A reusable launch vehicle has parts that can be recovered and reflown, while carrying payloads from the surface to outer space. Rocket stages are the most common launch vehicle parts aimed for reuse. Smaller parts such as rocket engines and boosters can also be reused, though reusable spacecraft may be launched on top of an expendable launch vehicle. Reusable launch vehicles do not need to make these parts for each launch, therefore reducing its launch cost significantly. However, these benefits are diminished by the cost of recovery and refurbishment.
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Reusable launch vehicles may contain additional avionics and propellant, making them heavier than their expendable counterparts. Reused parts may need to enter the atmosphere and navigate through it, so they are often equipped with heat shields, grid fins, and other flight control surfaces. By modifying their shape, spaceplanes can leverage aviation mechanics to aid in its recovery, such as gliding or lift. In the atmosphere, parachutes or retrorockets may also be needed to slow it down further. Reusable parts may also need specialized recovery facilities such as runways or autonomous spaceport drone ships. Some concepts rely on ground infrastructures such as mass drivers to accelerate the launch vehicle beforehand.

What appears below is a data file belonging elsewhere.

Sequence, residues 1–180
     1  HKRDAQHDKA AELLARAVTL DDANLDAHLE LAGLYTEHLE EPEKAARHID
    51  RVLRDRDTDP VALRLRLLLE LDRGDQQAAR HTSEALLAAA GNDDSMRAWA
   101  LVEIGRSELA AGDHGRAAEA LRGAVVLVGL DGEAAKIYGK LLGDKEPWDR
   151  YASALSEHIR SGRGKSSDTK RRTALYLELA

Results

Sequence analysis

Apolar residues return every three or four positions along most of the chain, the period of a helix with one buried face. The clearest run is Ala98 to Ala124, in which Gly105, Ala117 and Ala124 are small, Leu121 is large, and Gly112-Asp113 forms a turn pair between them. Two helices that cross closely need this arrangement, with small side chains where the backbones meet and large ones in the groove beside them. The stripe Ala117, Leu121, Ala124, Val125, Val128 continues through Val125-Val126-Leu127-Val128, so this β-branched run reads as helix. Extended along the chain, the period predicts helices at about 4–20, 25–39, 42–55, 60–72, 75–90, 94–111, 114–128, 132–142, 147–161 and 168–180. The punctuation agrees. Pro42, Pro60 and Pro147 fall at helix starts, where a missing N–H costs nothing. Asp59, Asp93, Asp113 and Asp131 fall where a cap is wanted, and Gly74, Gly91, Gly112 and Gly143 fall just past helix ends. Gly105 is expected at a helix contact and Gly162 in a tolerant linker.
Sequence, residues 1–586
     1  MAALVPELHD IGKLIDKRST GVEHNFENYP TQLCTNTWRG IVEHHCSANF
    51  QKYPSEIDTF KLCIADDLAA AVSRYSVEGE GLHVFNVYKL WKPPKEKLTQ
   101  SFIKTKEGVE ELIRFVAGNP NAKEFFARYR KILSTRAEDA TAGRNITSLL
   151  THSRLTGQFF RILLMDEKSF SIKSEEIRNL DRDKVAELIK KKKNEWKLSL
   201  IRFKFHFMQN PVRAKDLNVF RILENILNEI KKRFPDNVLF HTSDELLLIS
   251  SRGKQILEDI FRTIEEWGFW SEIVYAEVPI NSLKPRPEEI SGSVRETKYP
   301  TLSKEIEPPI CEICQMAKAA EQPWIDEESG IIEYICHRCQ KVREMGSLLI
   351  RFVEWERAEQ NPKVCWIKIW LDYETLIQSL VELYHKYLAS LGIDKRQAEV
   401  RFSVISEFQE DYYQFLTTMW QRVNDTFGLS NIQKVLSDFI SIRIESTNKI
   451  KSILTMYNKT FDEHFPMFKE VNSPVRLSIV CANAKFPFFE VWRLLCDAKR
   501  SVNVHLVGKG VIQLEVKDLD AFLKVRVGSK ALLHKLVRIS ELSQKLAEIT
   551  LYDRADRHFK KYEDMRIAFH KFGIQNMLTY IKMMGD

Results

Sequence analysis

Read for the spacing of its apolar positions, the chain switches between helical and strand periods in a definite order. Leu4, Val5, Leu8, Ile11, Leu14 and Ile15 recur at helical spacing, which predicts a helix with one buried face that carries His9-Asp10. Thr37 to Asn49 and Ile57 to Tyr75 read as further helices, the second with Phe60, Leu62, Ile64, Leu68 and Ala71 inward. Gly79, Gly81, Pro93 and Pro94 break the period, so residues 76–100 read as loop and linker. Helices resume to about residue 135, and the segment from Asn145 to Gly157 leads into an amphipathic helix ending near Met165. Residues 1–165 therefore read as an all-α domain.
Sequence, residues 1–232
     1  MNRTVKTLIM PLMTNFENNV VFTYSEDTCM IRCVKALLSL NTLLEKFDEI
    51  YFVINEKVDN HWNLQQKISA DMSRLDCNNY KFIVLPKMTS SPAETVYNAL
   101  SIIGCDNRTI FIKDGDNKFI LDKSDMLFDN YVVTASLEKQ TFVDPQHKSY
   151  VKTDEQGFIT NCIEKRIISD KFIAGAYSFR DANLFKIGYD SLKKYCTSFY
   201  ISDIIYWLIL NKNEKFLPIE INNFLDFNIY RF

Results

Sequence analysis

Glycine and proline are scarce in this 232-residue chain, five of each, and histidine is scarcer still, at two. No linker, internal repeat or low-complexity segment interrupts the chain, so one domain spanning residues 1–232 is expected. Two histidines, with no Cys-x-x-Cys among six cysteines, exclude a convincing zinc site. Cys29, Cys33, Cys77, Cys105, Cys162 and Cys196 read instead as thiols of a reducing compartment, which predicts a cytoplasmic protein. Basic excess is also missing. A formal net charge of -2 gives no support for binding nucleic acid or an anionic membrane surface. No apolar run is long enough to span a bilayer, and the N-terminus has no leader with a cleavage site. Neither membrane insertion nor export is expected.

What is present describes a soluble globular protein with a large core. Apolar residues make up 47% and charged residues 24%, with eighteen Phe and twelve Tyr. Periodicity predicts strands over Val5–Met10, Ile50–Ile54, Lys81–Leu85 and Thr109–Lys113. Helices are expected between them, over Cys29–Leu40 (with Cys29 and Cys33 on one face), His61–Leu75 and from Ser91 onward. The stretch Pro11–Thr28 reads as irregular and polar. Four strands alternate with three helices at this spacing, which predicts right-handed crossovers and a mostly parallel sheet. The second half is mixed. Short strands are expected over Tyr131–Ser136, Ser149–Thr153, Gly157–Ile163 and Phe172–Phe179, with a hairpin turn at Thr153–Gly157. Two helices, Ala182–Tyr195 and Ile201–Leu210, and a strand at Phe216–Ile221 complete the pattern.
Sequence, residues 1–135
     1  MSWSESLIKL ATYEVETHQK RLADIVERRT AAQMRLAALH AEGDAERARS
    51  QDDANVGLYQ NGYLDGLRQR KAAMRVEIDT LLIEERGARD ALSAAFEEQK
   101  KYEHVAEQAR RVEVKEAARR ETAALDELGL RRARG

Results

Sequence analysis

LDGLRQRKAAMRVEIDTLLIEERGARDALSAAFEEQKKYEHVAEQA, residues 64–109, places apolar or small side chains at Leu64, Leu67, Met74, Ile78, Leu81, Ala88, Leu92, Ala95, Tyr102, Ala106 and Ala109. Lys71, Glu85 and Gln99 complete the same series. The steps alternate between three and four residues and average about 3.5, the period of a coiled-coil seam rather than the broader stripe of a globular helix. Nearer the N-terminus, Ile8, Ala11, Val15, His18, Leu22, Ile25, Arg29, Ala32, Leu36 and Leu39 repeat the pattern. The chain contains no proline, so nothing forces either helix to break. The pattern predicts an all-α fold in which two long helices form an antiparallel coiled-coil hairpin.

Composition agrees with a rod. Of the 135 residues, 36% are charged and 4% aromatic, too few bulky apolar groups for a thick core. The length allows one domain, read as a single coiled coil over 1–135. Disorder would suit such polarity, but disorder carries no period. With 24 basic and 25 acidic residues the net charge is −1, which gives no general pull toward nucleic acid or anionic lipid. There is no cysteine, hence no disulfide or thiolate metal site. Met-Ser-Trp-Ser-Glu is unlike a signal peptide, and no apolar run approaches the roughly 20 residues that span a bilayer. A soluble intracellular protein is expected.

Since at least in the early 20th century, single-stage-to-orbit reusable launch vehicles have existed in science fiction. In the 1960s and 1970s, the first reusable launch vehicles were manufactured, named the Space Shuttle and Energia. However, in the 1990s, due to both programs' failure to meet expectations, reusable launch vehicle concepts were reduced to prototype testing. The rise of private spaceflight companies in the 2000s and 2010s lead to a resurgence of their development, such as in SpaceShipOne, New Shepard, Electron, Falcon 9, and Falcon Heavy. Many launch vehicles are now expected to debut with reusability in the 2020s, such as Starship, New Glenn, Soyuz-7, Ariane Next, Long March, Terran R, and the Dawn Mk-II Aurora.
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